On 4/20/21 06:47, Alice Boxhall wrote:
> On Fri, Apr 16, 2021 at 5:39 AM Emilio Cobos Álvarez <emi...@mozilla.com
> On 4/15/21 14:07, Manuel Rego Casasnovas wrote:
> > I'm also supportive of "inert", it's nice to see it coming to the
> > I'm curious about the interop status, the feature hasn't shipped in
> > Firefox yet so I'm not sure if this reflects the reality or not:
> > Are Chromium and Firefox implementations interoperable?
> > Apart from that, we haven't asked for signals to WebKit yet
> > (https://bit.ly/blink-signals
> * Firstly, I think that pointer-events: none in HTML is a mis-feature.
> That might be something I just have to get over, since it's now
> deeply entangled with all of our hit-testing logic, but my reasons
> for feeling this way are:
> o It can create a bad user experience if opaque content with
> pointer-events: none is positioned over clickable content, since
> you can now click content you can't see.
> o The naming doesn't make sense when (as in HTML, but not in SVG
> where it originated) the only options are auto or none. It makes
> it appear as though "none" refers to the /events/, rather than
> the box, and sets an expectation that it's going to swallow
> pointer events, rather than make the element "transparent" to
> events (which makes sense if and only if the element /is/
> visually transparent, which was the intent of the feature in SVG
> as far as I can tell).
So, I disagree that stuff affecting hit-testing doesn't belong to CSS
fwiw, but I agree with the other comments. There are existing issues in
the CSSWG repo to add more values to pointer-events that do something
closer to what you want to do for inert, I think.
> * Secondly, the value of inert is largely that it makes content
> non-interactive for /all/ modalities, rather than just pointers.
> This is a deliberate choice, because vast amounts of content is
> built exclusively considering the needs of users who used
> pointer-based devices, creating poor experiences for users of other
> modalities. I would like to encourage authors to use inert/instead
> of/ pointer-events: none (or pointer-events: inertif/when such a
> thing eventuates) as much as possible.
Sure, this I totally agree with! But that doesn't mean that inert
shouldn't be implemented in terms of other pre-existing primitives like
user-select, pointer-events, etc when those are already available, IMO.
> * Thirdly, I haven't seen an urgent use case for authors needing a way
> to detect when (inert) content matches pointer-events: none. That
> doesn't mean that it doesn't exist, but that I don't see any reason
> to consider not having it to be a blocking issue. Even if it does
> ship later, the risk that code could depend on inert content
> /not/ matching pointer-events: none seems non-existent.
I think that seems fair. To be clear that we can't think of an use case
for it doesn't mean that that doesn't exist, but I agree it's probably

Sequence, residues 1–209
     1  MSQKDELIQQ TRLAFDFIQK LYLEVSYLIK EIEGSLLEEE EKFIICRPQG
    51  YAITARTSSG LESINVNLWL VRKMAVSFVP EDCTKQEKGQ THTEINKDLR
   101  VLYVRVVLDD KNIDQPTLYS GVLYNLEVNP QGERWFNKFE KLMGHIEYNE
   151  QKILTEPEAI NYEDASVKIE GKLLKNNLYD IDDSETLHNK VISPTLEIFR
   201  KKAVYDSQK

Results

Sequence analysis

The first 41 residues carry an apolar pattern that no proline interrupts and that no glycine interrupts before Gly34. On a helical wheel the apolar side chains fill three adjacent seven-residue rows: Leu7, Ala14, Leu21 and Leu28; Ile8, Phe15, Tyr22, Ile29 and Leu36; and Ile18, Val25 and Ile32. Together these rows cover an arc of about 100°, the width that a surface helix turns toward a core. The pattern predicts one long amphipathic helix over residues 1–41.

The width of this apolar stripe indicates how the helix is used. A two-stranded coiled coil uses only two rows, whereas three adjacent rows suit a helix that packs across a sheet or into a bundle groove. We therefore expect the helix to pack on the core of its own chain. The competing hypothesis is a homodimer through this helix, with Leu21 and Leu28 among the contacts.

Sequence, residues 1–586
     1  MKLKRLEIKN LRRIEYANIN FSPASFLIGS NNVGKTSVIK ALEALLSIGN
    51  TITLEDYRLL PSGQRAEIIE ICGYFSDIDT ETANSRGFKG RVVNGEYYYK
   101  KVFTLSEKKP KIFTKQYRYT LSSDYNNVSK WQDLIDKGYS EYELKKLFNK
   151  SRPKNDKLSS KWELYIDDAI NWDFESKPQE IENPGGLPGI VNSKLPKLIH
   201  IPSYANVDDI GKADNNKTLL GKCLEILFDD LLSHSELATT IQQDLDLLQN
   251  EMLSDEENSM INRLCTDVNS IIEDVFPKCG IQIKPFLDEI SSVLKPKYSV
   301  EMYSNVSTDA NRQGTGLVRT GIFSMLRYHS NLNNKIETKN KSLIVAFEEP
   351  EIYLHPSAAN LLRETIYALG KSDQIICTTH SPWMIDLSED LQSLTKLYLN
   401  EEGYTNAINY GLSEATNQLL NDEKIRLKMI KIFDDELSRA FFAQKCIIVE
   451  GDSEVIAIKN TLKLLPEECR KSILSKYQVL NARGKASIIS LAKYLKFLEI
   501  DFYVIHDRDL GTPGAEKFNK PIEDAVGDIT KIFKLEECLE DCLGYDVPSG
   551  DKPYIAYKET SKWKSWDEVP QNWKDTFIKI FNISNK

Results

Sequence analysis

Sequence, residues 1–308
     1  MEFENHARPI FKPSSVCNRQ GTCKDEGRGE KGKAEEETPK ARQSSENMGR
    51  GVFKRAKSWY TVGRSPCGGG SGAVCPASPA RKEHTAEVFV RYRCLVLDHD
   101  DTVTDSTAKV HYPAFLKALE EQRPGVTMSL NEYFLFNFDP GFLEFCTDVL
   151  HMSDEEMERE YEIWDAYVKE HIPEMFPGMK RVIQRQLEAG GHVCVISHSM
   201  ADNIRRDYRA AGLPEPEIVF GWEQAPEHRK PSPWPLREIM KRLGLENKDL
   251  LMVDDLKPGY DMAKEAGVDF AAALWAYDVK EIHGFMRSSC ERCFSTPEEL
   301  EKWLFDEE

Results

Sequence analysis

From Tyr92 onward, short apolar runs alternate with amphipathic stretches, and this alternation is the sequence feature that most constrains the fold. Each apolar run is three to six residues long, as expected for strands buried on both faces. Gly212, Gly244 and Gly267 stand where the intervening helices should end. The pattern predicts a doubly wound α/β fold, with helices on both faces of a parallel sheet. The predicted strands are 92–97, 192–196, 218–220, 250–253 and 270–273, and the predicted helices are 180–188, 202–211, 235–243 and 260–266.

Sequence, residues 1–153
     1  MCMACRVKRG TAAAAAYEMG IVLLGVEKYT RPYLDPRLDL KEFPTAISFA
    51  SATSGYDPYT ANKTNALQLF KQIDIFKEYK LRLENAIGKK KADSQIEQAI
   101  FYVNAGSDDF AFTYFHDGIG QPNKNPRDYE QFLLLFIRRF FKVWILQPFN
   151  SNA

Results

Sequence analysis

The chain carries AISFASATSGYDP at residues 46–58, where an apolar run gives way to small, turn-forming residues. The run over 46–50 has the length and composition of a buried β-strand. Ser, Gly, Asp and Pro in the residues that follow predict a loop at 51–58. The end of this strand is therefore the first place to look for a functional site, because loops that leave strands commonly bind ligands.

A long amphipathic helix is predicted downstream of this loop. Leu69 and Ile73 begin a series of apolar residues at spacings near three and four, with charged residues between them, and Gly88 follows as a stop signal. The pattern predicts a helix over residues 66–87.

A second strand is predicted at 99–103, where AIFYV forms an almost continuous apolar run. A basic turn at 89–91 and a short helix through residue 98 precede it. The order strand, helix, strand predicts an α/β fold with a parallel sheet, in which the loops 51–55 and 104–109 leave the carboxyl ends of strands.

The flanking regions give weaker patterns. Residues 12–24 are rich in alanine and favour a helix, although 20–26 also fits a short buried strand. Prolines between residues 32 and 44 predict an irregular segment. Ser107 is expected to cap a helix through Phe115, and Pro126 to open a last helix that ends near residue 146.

not a blocking issue.
We can probably define the precise hit-testing behavior we want
somewhere like in this CSSWG issue, and then using it from inert?
I _think_ you're part of the working group so should be able to add that
to the agenda, but if not I or some of the Chromium rendering folks can
probably do it, just let me (or them) know :)
> All of that said: it does seem that some recent refactoring has subtly
> broken the event retargeting code in ways I hadn't tested for, so I'm
> planning to admit defeat and revert to the original (pointer-events:
> none-like) behaviour, both in the spec and in the code. If someone would
> like to make further changes such that it matches pointer-events: none
> I'm not going to stand in their way, as long as my reasoning above is
Alright, that sounds great. I think it makes sense for inert to change
computed styles (both from an authoring and implementation point of
view), but I agree it's probably not a huge deal, as long as the
behavior matches what authors can accomplish via CSS and other means.
I think it'd be ideal to not ship with this difference, but
in any case I agree the risk for interop issues is relatively low,
specially if the hit-testing behavior will actually match across browsers.
> There also seems to be some other rather important spec issues that
> haven't been resolved like , which I think we should get
> consensus on
> before shipping.
> The spec actually doesn't state an opinion (and in fact it has no way to
> do so) on whether inert nodes should be exposed to assistive technology
> (AT) APIs. We can and frequently do make changes to how content is
> exposed to AT to improve the user experience.
I guess I'm not so familiar with how a11y features are usually
standardized, but given that behavior is not directly web-exposed I
guess that might be fair? I think ideally we'd all agree on how to
expose stuff to ATs though...
> >> <mailto:mk...@chromium.org
> >> I also think this looks quite reasonable, and I think it's
> a good
> >> addition to the platform. That said, I think Yoav's
> questions about
> >> the details and Mozilla's approach are good ones. Alice, how do
> >> you think we should handle them?
> >> -mike
> >> On Thu, Apr 8, 2021 at 12:45 AM 'Alex Russell' via blink-dev
> >> <blin...@chromium.org
> >> On Tuesday, March 30, 2021 at 5:58:24 AM UTC+2
> A Boxhall
> >> wrote:
> >> Contact emails
> >> abox...@chromium.org
> >> To view this discussion on the web visit
> >> <mailto:blink-dev+...@chromium.org
> >> <mailto:blink-dev+...@chromium.org